The argument is that these people either did not know their jobs or were frightened to speak out because they were having a cushy time. This is intermixed with what seems rank racism, the idea that people from a different background were more likely to conform: ‘The UN wants staff who will tow the line. For instance, it is harder for a Nigerian who is supporting seven families to denounce wrongdoings of the UN. I recognise that. If you are a father of five kids and supporting eight other families, it is hard to denounce. UN Resident and Humanitarian Coordinator for Sri Lanka, Neil Buhne, had to be approved by the Sri Lankan government. Why the Sri Lankan government would agree to have him there, but he didn’t have the skills required for the job and had never worked in a conflict zone before.’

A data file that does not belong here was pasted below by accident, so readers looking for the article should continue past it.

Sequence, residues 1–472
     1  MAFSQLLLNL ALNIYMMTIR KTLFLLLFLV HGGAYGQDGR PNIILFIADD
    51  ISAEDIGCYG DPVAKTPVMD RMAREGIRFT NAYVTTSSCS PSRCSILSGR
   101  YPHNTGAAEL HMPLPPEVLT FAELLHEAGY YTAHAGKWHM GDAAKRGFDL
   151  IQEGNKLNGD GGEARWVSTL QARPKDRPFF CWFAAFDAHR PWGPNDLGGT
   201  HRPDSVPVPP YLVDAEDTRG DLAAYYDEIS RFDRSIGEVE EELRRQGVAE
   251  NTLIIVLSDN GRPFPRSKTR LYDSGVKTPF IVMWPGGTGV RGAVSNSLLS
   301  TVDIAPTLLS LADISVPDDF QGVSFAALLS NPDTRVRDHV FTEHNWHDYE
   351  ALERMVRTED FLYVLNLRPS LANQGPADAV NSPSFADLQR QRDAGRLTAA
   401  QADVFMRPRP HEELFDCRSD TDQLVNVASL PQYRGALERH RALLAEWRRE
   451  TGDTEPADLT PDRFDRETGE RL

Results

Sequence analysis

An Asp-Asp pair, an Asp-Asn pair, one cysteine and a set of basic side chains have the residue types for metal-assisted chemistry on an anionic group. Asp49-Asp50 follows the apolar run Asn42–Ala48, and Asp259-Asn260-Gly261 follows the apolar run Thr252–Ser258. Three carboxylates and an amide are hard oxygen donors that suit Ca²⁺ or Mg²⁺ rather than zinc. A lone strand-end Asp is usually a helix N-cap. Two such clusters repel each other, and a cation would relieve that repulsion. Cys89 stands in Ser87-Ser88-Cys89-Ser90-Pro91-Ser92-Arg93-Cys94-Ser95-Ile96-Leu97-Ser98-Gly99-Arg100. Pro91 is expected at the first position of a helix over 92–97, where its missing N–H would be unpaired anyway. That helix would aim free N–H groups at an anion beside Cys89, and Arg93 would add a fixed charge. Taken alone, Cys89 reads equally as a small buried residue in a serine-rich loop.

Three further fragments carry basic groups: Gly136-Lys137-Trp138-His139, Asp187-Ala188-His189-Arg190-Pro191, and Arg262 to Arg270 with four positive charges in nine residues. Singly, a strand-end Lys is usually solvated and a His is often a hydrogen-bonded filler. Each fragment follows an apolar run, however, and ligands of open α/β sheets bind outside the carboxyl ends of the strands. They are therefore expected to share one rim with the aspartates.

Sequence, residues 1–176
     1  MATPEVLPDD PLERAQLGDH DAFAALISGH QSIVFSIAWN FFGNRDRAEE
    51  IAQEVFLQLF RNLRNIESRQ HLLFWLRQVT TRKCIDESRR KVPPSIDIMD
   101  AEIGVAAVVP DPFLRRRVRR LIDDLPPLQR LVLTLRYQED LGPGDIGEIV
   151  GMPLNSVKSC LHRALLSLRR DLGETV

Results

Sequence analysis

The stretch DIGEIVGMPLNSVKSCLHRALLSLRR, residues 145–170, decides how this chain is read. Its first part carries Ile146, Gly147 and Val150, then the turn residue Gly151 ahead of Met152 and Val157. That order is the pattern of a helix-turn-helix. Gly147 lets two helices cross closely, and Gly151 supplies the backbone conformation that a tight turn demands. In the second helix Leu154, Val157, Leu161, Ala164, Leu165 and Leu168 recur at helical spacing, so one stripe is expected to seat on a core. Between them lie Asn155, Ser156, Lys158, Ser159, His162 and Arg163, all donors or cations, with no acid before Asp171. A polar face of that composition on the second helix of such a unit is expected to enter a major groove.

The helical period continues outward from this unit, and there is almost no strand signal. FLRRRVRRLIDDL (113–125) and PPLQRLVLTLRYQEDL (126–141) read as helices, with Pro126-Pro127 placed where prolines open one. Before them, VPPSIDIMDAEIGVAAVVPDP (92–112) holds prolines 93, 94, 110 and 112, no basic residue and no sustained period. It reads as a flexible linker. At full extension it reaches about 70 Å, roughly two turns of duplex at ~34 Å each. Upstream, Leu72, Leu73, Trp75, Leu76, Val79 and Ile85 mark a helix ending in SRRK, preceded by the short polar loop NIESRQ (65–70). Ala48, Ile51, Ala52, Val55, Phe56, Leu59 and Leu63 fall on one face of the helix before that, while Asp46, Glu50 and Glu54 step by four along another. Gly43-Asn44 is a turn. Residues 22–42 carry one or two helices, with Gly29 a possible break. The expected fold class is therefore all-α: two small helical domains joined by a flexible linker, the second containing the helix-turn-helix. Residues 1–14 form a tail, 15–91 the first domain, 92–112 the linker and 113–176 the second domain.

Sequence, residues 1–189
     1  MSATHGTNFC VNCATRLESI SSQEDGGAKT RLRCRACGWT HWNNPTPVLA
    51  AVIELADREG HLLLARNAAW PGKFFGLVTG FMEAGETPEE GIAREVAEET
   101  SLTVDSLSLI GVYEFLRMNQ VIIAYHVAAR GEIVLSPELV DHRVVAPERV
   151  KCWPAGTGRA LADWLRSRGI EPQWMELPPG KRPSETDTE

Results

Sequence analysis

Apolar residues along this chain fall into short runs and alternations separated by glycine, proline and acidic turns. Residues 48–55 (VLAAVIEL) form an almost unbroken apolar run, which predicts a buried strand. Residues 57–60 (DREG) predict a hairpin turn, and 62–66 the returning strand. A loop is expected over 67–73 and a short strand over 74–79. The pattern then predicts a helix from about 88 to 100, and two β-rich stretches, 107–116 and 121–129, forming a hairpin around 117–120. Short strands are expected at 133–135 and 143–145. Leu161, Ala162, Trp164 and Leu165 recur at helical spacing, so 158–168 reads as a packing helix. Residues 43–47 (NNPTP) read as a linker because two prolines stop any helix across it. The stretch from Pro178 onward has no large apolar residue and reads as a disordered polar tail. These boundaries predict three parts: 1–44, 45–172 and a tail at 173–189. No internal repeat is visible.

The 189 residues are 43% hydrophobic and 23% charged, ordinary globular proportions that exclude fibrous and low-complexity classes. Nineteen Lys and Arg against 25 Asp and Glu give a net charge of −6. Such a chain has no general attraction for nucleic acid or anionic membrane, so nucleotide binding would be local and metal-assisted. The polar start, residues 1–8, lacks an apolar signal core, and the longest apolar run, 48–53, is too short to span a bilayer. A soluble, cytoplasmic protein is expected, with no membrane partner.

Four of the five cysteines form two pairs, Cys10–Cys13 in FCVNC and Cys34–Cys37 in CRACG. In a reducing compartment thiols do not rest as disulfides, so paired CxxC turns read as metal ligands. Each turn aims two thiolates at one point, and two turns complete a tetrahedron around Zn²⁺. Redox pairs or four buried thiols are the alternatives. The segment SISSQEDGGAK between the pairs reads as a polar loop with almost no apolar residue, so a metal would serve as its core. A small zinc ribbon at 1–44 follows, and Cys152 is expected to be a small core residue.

This was said from someone called Natalie Grove, and a measure of the shoddy nature of the report is that she is said to have worked for UNICEF, but also to have resigned from IOM – which comes in for flak for having ‘broken from the position of the UN as it was more supportive of the government’s position and of the integration of IDPs.’ This bears out what I have been told, that Cynthia Veliko, the representative of the Office of the High Commissioner for Human Rights, has been vindictive about IOM for having supported the Government’s Rehabilitation programme, since clearly in terms of her mandate it was better for people to suffer and continue with a separatist agenda rather than to be rehabilitated and integrated.